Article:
As I mentioned earlier, I am interested in how science works — the process of discovery as well as the human side of science. The psychological motivations of the scientists are not discussed as they are meant to be objective pursuers of the truth. However, we are human and are driven by passions and personal motivations that inform how we think. I was particularly interested in how and why scientists themselves often resist radical new ideas, even when they are trained to be open and flexible. Even Einstein believed in the idea of a static and steady universe, and refused to accept the astronomer Edwin Hubble’s finding of the expansion of the universe, in consonance with Einstein’s own theoretical predictions. It was only when the data was overwhelming did Einstein finally accept that the universe was expanding. I also wanted to show how this is a special moment in cosmology, when there is a grand convergence of ideas, instruments and computation leading to a very rapid pace of progress.
My book provides a glimpse of some of the greatest cosmological discoveries — radical ideas that have reshaped our comprehension of the universe over the past century.
Do you think our planet is an aberration? What makes us small yet significant?
Well, it appears now, with the discovery of planets around other nearby stars both using ground-based telescopes as well as the Kepler space telescope that there are likely more planets than stars in the universe! This is so, as in several instances multiple planetary systems are detected around the parent star. Since this is the case, I believe that it is quite likely that there exists life in some shape or form, likely unrecognisable to us perhaps on other planets. We are unlikely to be the only life-forms around, although it does appear that intelligent life might be rare since no one has yet tried to get in touch with us. I think the discovery of these numerous exoplanets is humbling, we are but one pale blue dot — as Carl Sagan put it beautifully.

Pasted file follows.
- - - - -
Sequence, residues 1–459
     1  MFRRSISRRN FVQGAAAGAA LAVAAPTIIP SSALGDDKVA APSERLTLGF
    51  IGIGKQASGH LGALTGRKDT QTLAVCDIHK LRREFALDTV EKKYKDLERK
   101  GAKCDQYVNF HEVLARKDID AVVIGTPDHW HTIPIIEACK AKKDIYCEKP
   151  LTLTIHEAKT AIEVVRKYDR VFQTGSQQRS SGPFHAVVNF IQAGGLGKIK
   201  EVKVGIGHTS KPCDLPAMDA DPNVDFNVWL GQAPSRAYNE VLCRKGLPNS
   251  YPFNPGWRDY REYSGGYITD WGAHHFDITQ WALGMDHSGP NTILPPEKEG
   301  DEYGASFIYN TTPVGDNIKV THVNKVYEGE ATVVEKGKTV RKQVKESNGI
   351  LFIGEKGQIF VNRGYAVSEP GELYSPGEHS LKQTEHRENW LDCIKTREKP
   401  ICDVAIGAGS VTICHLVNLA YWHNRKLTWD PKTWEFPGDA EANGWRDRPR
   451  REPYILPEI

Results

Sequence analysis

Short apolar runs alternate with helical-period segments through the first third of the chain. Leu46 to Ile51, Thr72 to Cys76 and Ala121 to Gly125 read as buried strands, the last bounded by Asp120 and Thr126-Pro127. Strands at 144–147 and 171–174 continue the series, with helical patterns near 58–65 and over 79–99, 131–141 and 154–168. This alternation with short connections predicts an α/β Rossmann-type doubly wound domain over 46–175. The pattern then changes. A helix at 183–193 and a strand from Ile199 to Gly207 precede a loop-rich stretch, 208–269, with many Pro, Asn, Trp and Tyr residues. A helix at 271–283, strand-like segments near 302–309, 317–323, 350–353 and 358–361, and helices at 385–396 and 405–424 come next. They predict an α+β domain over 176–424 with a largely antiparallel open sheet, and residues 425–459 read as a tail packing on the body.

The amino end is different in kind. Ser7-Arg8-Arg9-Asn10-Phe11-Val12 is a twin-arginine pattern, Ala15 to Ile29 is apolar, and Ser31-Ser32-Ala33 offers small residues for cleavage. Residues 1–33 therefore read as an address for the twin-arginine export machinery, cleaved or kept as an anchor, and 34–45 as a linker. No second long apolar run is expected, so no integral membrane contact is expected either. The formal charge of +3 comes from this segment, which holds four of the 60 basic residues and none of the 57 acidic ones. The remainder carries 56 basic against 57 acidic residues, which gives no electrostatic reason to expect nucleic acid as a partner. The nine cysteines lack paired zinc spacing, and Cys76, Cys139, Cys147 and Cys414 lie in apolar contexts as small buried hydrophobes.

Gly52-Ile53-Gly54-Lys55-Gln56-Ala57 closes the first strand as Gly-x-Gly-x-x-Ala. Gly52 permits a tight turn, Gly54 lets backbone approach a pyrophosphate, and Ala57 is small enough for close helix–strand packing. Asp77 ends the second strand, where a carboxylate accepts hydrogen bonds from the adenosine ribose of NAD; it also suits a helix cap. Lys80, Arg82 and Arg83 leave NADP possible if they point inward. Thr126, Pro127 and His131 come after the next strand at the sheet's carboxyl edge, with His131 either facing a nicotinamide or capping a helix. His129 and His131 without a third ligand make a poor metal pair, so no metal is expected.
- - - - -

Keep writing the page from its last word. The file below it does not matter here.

How have Indian astrophysicists contributed to the field; you mention Subrahmanyan Chandrasekhar... how can they continue to compete globally?
India, has a long and illustrious tradition in astronomy and mathematics. So we are not lacking in role models! As for what India needs to do to compete globally more generally in science is to re-integrate research and teaching at the undergraduate level. The Indian Institutes for Science Education and Research (IISERs) are an excellent initiative to do so and steps in the right direction. We also need to value the work that scientists do, we are getting a little too caught up in a very narrow definition of what it means to innovate. So I believe that scientific research should be supported and India should invest in what are referred to as blue-sky ideas. In 1543, when Copernicus shifted the pivot from the Earth to the sun, he could hardly have imagined that by 2015, we humans would create a spacecraft — the Voyager — that would actually leave the confines of our solar system.
What would your advice be to young scientists?
Just stay curious, learn as much as you can, and build a strong foundation in the basic sciences, mathematics and computers. Learn coding as early as you can. Computation is a powerful tool, one that is critical to all new discoveries in every field. And especially to the younger generation: read and learn by doing.
Lastly, you are a proponent for scientists to be good communicators. Why is that important?
I think science is amazing and we are learning so much about the natural world, the cosmos, our bodies, the brain — we are making such tremendous progress that it is imperative for scientists to share the excitement with the public. At some level, we as scientists, everywhere in the world are supported by governments and funded by the public so it’s incumbent upon us to show we are putting these resources invested in us to good use. I think as my one of poet friends, the late Becky Elson put it eloquently, we as scientists have “the responsibility to awe”.
Mapping the Heavens is published by Yale University Press